With just two brain cells snails can make complex decisions, such as whether it is time to eat because they are hungry, or when and how to go about getting food, a feature that should be of great interest to roboticists when designing a robot’s brain, says a team of neuroscience researchers from the University of Sussex in England.
The snail’s two brain cells (neurons) can tell the mollusc when it is hungry and whether there is any food nearby.
When creating the artificial intelligence (AI) for a robot, i.e. its brain, engineers desire the fewest components possible for the maximum task performance, something the snail’s brain appears to do with amazing efficiency.
Three photographs (A) of freshwater snail’s (Lymnaea’s) food-searching behaviour. (Top Frame) At water’s surface. (Middle Frame) Appetitive bite behaviour with open mouth and protraction of toothed radula (see black arrow). (Bottom Frame) Retraction of radula. The same basic motor pattern is used for ingestion when there is lettuce. (B to D) Example traces of Lymaea’s biting behaviour in the presence and absence of food at 3 different levels of satiety. (Image Source: Nature Communications)
Michael Crossley, Research Fellow (Neuroscience); George Kemenes, Professor of Neuroscience; and Kevin Staras, also a Professor of Neuroscience, all from the University of Sussex in Brighton, wrote about their study and findings in the journal Nature Communications.
In the journal they explain how they discovered that with only two brain cells, snails could make complex behavioural decisions.
Snails’ amazing efficiency
The neuroscientists studied the brain activity of Lymnaea (freshwater snails) and discovered how a system consisting of just two neurons was capable of a sophisticated form of decision-making.
A neuron is a specialized cell that transmits nerve impulses; a nerve cell – the ones in the brain are also called brain cells.
The researchers, who work at Sussex Neuroscience, part of the University’s School of Life Sciences, monitored snail behaviour when they made decisions in their search for food, which in this study consisted of lettuce.
They recorded and measured the snails’ brain activity by using electrodes to gauge action potentials – slight electrical changes – in each individual neuron.
The authors said they discovered two types of neurons:
1. The control-type neuron: it tells the brain whether there is potential food in the vicinity.
2. Motivational state neuron: it tells the brain whether the animal is hungry or not.
Maximum performance with minimum of waste
Dr. Crossley and colleagues also explain how the snail’s 2- brain-cell system allows the creature to save energy by reducing brain activity to a minimum when there is no food.
Study leader, Prof. Kemenes, said regarding our knowledge of what goes on in our brains:
“What goes on in our brains when we make complex behavioural decisions and carry them out is poorly understood. Our study reveals for the first-time how just two neurons can create a mechanism in an animal’s brain which drives and optimizes complex decision making tasks.”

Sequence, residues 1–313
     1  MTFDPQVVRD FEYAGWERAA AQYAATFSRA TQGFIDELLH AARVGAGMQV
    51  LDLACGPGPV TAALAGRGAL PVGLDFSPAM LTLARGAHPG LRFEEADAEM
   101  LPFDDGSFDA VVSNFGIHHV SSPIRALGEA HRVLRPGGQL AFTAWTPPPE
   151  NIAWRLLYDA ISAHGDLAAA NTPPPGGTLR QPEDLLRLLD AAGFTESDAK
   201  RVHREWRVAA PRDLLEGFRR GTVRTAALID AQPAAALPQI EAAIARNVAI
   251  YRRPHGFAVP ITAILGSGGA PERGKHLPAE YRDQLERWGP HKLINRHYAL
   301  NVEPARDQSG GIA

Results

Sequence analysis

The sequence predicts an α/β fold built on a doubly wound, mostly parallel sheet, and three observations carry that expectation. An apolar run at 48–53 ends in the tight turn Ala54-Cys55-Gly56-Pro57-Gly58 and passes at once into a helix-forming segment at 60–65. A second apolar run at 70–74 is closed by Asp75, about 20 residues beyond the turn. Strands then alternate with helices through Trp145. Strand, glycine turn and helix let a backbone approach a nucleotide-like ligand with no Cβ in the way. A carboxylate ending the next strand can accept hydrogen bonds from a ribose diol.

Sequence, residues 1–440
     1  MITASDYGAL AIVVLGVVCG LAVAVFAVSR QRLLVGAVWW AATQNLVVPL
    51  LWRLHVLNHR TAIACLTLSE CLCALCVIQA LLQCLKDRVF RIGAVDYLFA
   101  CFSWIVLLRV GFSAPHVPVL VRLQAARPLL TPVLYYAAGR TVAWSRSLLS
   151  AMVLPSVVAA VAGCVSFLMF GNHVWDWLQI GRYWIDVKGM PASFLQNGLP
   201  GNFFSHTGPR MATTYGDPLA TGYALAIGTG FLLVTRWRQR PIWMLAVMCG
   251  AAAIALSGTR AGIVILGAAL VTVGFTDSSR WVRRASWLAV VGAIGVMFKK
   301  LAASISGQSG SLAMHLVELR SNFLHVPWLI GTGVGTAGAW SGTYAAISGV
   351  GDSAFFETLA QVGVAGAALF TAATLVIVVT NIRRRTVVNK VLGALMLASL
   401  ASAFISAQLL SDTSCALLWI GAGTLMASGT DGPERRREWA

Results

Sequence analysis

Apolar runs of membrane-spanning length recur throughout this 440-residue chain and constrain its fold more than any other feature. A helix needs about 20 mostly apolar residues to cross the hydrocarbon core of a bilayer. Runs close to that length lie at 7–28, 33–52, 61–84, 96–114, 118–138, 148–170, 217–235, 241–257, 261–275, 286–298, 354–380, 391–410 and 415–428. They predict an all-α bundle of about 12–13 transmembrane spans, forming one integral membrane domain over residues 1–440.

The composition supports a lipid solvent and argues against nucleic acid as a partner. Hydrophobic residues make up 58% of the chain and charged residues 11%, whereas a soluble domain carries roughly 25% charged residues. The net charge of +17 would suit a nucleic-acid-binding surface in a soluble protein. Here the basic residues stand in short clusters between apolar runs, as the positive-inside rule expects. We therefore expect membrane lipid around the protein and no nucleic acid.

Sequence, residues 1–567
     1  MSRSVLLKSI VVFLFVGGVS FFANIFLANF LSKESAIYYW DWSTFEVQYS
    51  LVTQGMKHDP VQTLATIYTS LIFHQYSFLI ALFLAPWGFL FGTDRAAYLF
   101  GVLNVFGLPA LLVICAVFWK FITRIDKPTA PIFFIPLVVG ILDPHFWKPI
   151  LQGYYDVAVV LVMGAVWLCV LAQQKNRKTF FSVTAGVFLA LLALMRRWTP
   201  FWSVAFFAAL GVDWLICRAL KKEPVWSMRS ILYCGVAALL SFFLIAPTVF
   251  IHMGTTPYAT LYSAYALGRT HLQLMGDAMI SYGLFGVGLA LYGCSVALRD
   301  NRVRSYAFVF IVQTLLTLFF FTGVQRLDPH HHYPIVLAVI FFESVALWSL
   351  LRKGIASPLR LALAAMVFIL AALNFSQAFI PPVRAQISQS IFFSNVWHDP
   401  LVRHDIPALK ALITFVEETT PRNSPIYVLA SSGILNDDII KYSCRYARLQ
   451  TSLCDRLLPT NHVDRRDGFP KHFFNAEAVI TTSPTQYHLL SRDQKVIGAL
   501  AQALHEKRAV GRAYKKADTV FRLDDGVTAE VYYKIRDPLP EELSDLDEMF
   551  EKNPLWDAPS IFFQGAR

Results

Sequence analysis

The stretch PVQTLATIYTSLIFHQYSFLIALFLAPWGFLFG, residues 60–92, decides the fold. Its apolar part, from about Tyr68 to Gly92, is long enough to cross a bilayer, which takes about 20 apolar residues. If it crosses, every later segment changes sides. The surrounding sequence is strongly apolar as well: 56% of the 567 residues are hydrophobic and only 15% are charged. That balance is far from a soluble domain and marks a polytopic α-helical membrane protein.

“It also shows how this system helps to manage how much energy they use once they have made a decision.”
Findings could inspire roboticists
The authors say that their findings could help engineers who are creating artificial intelligence (robot brains) identify core neuronal symptoms which drive other similar decision-making processes.
Regarding the creation of a robot’s brain, Prof. Kemenes explained:
“This will eventually help us design the ‘brains’ of robots based on the principle of using the fewest possible components necessary to perform complex tasks.”
All animals need to perform goal-directed behaviours, such as seeking food, in order to survive. When foraging (searching for food), their neuronal systems must integrate data from two areas:
1. The external environment.
2. Their internal state.
This needs to be done using as little energy as possible, i.e. ultra efficiently. Roboticists have the same goal in mind when designing a robot’s brain.
The authors made the following comment in an Abstract that describes the main paper:
“Using an in vitro analogue of the decision-making process, we show that the system employs an energy management strategy, switching between a low- and high-use mode depending on the outcome of the decision.”
“Our study reveals a parsimonious mechanism that drives a complex decision-making process via regulation of levels of tonic inhibition and phasic excitation.”
Journal Citation: “A two-neuron system for adaptive goal-directed decision-making in Lymnaea,” by Kevin Staras, Michael Crossley and György Kemenes – University of Sussex. Nature Communications. DOI:10.1038/ncomms11793.
Video – Snails Time-Lapse
Watch this amazing time-lapse BBC video of snails going about their business.